Some Massachusetts residents may think that their estate planning documents are in order; however, they could benefit by conducting a review. It can be challenging keeping up with the changes that occur in their lives, and some things may be different now that can have a profound effect on their estate plans.

Many people are confused by the components of an estate plan, and they erroneously assume that the will is a document that governs all the others. The will covers assets in the probate estate, but it does not include any other accounts that have beneficiary designates.

Keeping track of assets is essential, especially when beneficiaries are named. Unfortunately, many people do not review who their current beneficiaries are, which may cause issues among their heirs, particularly if a beneficiary predeceases them. The law allows ways to stipulate how assets get distributed among remaining beneficiaries. Failure to provide a contingency, sometimes called per capita or per stirpes election, could mean that heirs are unintentionally left of the inheritance.

Those who are unsure about which accounts may have designated beneficiaries should check their IRAs, life insurance, annuities and 401(k) plans. Those wishing to review their accounts may also want to check any 401(k) plans they had with prior companies as they are often overlooked.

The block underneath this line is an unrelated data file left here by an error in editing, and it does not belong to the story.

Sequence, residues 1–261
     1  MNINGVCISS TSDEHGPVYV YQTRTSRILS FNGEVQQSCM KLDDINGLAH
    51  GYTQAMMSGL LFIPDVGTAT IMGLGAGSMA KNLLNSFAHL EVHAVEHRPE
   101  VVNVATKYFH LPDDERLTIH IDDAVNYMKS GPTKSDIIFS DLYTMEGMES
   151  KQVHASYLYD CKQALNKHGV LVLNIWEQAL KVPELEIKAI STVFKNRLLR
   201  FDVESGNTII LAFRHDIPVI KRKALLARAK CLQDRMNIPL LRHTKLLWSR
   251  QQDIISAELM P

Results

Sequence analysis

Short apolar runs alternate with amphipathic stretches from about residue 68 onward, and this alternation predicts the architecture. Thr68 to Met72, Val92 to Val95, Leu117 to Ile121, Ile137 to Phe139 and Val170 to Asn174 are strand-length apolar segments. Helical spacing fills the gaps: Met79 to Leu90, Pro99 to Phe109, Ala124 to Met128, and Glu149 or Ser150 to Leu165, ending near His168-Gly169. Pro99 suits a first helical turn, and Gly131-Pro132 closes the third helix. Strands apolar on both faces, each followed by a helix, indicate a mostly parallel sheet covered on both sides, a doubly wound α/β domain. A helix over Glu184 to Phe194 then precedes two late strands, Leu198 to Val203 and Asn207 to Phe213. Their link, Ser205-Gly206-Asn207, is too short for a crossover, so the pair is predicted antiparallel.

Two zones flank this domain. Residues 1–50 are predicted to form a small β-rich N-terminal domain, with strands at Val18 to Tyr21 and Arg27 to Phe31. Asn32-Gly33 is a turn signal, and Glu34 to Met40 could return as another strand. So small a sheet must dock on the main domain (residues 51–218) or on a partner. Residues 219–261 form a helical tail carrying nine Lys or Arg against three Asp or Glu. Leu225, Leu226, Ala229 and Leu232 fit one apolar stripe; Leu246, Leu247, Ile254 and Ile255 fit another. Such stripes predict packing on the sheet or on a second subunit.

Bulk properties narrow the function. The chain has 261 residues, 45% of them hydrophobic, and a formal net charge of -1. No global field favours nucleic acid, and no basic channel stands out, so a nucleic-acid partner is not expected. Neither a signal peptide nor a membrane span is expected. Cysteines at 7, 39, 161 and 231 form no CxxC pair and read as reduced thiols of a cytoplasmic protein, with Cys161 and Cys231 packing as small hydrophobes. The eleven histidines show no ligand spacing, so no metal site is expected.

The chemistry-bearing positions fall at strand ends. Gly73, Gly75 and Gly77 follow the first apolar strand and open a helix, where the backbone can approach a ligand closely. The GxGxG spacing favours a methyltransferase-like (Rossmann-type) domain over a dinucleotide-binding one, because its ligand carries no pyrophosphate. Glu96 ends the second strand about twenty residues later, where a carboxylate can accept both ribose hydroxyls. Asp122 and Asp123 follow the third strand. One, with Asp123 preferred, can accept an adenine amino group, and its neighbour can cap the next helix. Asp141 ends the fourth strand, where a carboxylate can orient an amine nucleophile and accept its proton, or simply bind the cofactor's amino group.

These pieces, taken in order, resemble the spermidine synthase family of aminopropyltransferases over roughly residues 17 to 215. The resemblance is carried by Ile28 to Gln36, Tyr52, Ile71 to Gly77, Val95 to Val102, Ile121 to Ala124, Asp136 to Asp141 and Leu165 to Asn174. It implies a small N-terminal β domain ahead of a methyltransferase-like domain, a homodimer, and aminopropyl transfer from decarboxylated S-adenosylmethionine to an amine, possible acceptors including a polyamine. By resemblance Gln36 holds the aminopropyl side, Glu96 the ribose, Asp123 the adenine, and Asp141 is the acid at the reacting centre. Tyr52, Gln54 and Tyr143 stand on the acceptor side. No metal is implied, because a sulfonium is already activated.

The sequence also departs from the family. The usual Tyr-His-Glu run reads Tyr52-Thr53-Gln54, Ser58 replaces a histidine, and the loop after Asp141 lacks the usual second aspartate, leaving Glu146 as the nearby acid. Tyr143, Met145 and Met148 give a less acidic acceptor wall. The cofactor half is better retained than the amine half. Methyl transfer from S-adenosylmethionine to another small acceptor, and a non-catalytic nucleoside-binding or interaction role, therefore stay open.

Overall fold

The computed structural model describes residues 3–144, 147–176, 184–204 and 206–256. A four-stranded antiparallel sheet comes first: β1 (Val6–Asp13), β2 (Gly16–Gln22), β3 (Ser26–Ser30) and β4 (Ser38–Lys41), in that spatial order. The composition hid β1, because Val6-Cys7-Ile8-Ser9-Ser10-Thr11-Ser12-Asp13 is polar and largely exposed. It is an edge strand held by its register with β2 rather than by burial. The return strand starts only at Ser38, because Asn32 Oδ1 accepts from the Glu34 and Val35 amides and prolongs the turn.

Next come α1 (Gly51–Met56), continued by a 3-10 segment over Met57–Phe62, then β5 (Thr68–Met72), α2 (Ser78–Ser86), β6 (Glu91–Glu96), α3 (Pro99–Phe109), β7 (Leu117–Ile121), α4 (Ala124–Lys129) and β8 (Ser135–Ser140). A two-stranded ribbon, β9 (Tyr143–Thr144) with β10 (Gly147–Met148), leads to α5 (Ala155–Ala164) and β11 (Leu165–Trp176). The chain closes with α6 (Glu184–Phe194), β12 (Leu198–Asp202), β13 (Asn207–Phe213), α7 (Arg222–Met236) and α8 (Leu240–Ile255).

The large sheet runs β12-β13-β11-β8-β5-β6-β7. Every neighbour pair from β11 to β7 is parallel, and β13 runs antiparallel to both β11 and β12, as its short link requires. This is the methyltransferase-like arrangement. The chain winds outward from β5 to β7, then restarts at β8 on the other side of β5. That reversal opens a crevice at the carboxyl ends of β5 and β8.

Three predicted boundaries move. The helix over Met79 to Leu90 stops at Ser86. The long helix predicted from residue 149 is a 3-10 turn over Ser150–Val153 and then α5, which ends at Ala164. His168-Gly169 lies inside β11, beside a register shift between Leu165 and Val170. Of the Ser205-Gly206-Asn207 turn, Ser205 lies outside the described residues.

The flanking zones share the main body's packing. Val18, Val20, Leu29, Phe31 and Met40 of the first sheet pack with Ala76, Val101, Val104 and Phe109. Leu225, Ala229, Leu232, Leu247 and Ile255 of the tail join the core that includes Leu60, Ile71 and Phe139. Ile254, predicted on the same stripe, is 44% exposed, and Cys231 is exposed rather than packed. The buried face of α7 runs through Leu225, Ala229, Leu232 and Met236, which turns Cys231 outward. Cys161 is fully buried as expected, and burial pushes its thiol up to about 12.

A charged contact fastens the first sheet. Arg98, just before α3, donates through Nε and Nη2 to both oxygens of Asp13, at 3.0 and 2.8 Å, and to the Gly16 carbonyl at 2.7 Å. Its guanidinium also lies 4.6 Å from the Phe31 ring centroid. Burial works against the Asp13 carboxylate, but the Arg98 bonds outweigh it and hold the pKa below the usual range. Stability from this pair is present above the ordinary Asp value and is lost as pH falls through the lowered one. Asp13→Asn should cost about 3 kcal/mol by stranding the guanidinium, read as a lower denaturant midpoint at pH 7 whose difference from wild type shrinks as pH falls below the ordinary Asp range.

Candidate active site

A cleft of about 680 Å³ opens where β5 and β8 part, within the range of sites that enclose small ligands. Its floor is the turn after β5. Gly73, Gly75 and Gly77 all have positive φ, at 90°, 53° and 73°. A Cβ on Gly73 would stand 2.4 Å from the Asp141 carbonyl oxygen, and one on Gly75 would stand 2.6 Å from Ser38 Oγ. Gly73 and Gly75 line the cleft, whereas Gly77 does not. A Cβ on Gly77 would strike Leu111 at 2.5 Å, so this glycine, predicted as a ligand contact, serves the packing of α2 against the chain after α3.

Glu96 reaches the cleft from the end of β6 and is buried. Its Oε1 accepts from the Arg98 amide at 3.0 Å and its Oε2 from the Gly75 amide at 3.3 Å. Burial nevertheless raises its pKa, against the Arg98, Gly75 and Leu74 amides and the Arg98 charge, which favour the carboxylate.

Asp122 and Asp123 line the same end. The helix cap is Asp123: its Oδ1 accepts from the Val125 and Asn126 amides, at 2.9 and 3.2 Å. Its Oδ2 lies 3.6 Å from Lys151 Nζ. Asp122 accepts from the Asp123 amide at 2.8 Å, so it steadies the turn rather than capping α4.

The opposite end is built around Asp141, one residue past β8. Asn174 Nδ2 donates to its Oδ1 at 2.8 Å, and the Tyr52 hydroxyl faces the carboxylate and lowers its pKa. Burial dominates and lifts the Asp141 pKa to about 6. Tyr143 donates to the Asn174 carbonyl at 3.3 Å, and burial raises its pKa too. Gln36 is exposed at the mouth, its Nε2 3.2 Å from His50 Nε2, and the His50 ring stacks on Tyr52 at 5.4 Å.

Estate planning attorneys may recommend that Massachusetts residents review their plans every three to five years to make sure the beneficiaries named are correct and all accounts are in order. Good record-keeping, including electronic records, and good communication are essential to coordinate and maintain an estate plan.

While accurate record-keeping is essential for any estate plan, people may have questions. A consultation with an experienced estate planning attorney might be beneficial in helping to avoid any future will, probate or other legal issues.